How Cosme Makes Its Elaborate, Commanding Duck Carnitas

It's well worth $59.
It’s well worth $59. Photo: Melissa Hom

After tallying up a string of excellent reviews and sporting a dining room that’s basically always full, Cosme is officially a smash hit. And the standout, must-order dish is Enrique Olvera’s duck carnitas — a feast of tender shredded meat and fresh, warm tortillas. In fact, the duck itself takes nearly four days to prepare — at one point, it’s even cooked in Mexican Coke — and the $59 price tag can feel like a bargain (this spread will feed three people, easy). So Grub asked chef de cuisine Mariana Villegas, who worked with Olvera at Pujol in Mexico City before moving to New York to open Cosme, to explain the cooking process, step-by-step. Here’s what she had to say:

The breed of the duck that we use is called Rohan, and it’s a specific breed that only our purveyor gets. Now that it’s become so popular, we’re getting almost all of the Rohan ducks that they have. It’s a mix between the Mallard and the Peking ducks.

To start: a Rohan duck.
To start: a Rohan duck. Photo: Melissa Hom

We prep them for curing by salting them very well. All the salt will actually penetrate the meat on the inside, not just the skin. It will also help it dry out, because salt exacts moisture.

Salting the duck.
Salting the duck. Photo: Melissa Hom

Then, we hang them to cure for three whole days. The hanging will help season the meat:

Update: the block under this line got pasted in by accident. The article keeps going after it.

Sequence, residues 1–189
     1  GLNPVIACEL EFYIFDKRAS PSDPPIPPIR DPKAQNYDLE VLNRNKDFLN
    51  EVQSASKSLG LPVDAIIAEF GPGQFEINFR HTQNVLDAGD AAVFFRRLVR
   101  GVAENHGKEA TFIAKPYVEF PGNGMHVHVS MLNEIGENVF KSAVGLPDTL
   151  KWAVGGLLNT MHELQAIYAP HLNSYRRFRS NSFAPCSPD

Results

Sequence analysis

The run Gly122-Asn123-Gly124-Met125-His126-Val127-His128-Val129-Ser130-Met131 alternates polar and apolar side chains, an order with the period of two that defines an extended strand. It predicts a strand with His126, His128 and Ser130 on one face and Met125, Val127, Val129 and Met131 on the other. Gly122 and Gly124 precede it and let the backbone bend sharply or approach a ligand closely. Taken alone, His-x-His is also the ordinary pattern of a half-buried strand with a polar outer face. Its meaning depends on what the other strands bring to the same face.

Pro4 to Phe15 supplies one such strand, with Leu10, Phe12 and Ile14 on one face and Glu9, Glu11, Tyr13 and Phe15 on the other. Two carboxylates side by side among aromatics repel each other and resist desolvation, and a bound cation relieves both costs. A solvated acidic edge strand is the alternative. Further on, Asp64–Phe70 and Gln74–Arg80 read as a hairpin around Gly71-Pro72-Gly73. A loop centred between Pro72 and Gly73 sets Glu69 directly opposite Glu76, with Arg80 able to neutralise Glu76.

Hanging the duck to dry out.
Hanging the duck to dry out. Photo: Melissa Hom

We crisp the skin in a broiler, and then we sear the ducks.

Searing the duck.
Searing the duck. Photo: Melissa Hom

We get them nice and golden-brown.

Browning the duck.
Browning the duck. Photo: Melissa Hom

In the same pan, we have a nice fond. We take the duck out, put the meat in hotel pans, and sautée some onions, garlic, tomatoes, ancho chili peppers, orange, and both condensed and evaporated milks.

Adding the condensed and evaporated milks.
Adding the condensed and evaporated milks. Photo: Melissa Hom

And we put some Mexican Coke in there. It’s a tradition! My partner, Daniela [Soto-Innes], had some experience making carnitas before in Mexico City, where she’s from. I’m from the northern part of Mexico, and it’s not as popular there. She had seen Mexican Coke used before, so we tried it, and liked it. Not only is it fun, but it adds that great taste of cane sugar.

And the Coke!
And the Coke! Photo: Melissa Hom

We pour the mixture on top of the duck, and cover it with duck fat. It’s cooked overnight in the oven, until it’s nice and tender. We are here until very late, so the team at night pops the duck in the oven, and the morning team takes it out, cools it off, and then de-bones the meat.

Ready for the oven.
Ready for the oven. Photo: Melissa Hom

Then, the duck is portioned into halves, so each customer gets half a duck. The carnitas are heated in a warmer at a very low temperature, and then crisped in the broiler, so the skin gets crispy. Then it gets julienned and garnished with white onions, lime juice, cilantro, and radishes. The dish is meant to be eaten like a taco, with our heirloom single-origin corn tortillas on the side.

Duck is served.
Duck is served. Photo: Melissa Hom

It’s a lot of work, for sure! Our duck cooks are our heroes.

Cosme’s Elaborate, Commanding Duck Carnitas